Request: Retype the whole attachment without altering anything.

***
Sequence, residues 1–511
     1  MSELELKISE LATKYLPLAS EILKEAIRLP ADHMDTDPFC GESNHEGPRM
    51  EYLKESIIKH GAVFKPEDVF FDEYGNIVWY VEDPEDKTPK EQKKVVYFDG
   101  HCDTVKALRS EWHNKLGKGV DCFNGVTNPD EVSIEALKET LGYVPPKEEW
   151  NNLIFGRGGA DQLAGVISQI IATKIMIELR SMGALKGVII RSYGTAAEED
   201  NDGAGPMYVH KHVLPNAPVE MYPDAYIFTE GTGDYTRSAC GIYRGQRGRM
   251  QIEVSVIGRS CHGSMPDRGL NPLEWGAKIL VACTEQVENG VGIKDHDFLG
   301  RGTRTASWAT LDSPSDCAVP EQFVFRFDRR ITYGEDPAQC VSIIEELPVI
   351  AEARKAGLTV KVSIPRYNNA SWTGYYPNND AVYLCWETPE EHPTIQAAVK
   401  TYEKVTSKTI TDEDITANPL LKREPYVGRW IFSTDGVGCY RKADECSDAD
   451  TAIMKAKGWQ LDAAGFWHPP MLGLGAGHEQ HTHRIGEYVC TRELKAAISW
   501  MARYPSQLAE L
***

Sequence, residues 1–511
     1  MSELELKISE LATKYLPLAS EILKEAIRLP ADHMDTDPFC GESNHEGPRM
    51  EYLKESIIKH GAVFKPEDVF FDEYGNIVWY VEDPEDKTPK EQKKVVYFDG
   101  HCDTVKALRS EWHNKLGKGV DCFNGVTNPD EVSIEALKET LGYVPPKEEW
   151  NNLIFGRGGA DQLAGVISQI IATKIMIELR SMGALKGVII RSYGTAAEED
   201  NDGAGPMYVH KHVLPNAPVE MYPDAYIFTE GTGDYTRSAC GIYRGQRGRM
   251  QIEVSVIGRS CHGSMPDRGL NPLEWGAKIL VACTEQVENG VGIKDHDFLG
   301  RGTRTASWAT LDSPSDCAVP EQFVFRFDRR ITYGEDPAQC VSIIEELPVI
   351  AEARKAGLTV KVSIPRYNNA SWTGYYPNND AVYLCWETPE EHPTIQAAVK
   401  TYEKVTSKTI TDEDITANPL LKREPYVGRW IFSTDGVGCY RKADECSDAD
   451  TAIMKAKGWQ LDAAGFWHPP MLGLGAGHEQ HTHRIGEYVC TRELKAAISW
   501  MARYPSQLAE L